Critical Social Policy, vol. 27, 2007, p. 534-545
In December 2006, the secretary of state for work and pensions announced a review of welfare to work policies in Britain, which was led by the investment banker David Freud. This paper examines Freud's report and reflects upon his understanding of the relationships between unemployment, worklessness and capitalism and gender issues. These are key to understanding the report's analysis and recommendations. The report marks a shift in focus away from those who are officially defined as unemployed to other workless people. However, it takes a rather conservative approach to the issue. It draws upon an income maintenance discourse of long-standing that associates a lack of paid employment with individual failings encouraged by the provision of relief for those not in work. It is unclear how the tackling of poverty will flow from this approach because of its reproduction of capitalist and patriarchal work patterns and structures.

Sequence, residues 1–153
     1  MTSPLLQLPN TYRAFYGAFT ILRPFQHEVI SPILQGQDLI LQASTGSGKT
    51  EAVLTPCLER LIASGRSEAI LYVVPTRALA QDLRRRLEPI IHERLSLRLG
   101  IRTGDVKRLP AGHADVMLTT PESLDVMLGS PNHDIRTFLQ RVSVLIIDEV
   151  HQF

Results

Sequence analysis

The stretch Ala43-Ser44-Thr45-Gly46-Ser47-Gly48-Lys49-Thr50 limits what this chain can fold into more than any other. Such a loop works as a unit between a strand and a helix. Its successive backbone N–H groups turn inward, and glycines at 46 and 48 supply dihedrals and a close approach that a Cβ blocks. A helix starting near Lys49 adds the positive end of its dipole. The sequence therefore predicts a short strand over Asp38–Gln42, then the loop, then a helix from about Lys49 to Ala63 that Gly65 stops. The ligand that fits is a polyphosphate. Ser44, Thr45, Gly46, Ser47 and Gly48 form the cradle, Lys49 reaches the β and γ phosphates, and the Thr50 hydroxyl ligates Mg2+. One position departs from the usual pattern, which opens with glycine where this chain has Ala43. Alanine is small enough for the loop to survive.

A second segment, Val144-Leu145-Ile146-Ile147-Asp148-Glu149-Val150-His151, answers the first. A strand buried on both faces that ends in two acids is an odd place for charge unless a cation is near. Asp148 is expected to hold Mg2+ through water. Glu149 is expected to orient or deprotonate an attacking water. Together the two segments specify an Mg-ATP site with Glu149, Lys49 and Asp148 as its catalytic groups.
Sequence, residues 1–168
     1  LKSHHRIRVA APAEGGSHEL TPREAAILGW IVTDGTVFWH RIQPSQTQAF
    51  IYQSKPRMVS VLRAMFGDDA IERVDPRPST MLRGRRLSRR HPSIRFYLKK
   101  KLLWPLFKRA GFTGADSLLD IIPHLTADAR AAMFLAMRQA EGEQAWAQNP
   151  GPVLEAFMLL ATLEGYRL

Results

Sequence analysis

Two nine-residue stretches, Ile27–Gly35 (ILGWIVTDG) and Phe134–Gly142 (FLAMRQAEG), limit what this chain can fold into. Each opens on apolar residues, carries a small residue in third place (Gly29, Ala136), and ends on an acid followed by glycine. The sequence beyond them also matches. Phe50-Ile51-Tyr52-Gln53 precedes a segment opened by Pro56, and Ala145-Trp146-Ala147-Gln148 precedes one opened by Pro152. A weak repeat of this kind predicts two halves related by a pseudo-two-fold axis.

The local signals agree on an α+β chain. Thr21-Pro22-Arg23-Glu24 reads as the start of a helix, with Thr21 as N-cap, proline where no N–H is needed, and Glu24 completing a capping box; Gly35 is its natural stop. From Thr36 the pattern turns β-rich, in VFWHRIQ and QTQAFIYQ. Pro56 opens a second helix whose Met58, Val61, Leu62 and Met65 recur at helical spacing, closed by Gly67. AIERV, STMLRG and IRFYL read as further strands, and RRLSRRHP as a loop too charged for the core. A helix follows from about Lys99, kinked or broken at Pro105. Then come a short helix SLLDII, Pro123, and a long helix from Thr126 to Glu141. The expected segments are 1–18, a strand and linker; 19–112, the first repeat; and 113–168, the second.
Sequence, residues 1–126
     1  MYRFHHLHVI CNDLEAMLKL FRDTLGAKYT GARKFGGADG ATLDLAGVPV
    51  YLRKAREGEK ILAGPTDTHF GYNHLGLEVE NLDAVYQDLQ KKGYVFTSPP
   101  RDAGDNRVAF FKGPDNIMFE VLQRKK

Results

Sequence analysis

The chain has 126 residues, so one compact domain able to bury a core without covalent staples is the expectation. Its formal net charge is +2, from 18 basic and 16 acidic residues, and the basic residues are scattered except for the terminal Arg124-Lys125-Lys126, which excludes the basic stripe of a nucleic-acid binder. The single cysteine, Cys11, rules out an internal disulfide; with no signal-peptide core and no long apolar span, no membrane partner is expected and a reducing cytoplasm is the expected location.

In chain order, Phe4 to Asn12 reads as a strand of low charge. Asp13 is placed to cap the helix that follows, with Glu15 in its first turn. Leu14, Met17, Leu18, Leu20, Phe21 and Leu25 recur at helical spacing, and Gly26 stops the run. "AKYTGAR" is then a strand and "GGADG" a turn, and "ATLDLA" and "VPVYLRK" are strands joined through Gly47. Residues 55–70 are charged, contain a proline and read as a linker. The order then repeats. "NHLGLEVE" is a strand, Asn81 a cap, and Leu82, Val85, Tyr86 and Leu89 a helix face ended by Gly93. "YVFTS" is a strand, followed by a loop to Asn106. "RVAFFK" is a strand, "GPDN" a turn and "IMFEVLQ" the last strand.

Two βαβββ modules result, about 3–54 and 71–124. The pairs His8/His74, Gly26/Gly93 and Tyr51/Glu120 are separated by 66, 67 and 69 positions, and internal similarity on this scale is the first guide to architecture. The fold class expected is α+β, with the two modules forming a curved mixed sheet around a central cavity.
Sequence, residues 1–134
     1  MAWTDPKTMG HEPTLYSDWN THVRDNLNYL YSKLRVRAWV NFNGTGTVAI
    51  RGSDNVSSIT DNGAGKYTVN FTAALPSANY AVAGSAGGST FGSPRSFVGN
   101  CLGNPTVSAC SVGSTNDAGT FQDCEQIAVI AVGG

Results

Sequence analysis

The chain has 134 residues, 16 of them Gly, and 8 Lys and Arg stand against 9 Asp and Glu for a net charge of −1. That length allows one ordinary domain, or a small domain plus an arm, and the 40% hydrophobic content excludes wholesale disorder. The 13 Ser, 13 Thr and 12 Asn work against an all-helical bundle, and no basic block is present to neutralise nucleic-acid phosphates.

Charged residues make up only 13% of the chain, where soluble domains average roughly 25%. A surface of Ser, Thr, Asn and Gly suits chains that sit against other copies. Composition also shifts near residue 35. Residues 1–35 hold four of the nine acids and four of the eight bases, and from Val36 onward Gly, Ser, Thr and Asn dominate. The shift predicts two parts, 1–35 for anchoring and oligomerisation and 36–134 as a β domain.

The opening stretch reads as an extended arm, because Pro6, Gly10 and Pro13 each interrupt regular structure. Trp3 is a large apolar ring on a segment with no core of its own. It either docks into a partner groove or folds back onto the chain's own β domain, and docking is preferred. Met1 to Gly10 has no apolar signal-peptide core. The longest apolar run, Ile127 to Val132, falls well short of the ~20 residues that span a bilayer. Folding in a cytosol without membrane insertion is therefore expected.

A. Corden and K. Nice
Social Policy and Society, vol. 6, 2007, p. 557-569
The Pathways to Work Pilot was designed to move more incapacity benefit recipients off benefits and into work by actively encouraging them to think about plans for re-entering the labour market, and by providing information and access to a range of services aimed at enhancing job prospects. Findings from qualitative longitudinal research highlighted issues that might not have emerged otherwise. It showed how people experienced their interaction with the Pathways service, and whether there were any changes in their views about and behaviour in relation to paid work over a period of 12 months from the start of the intervention.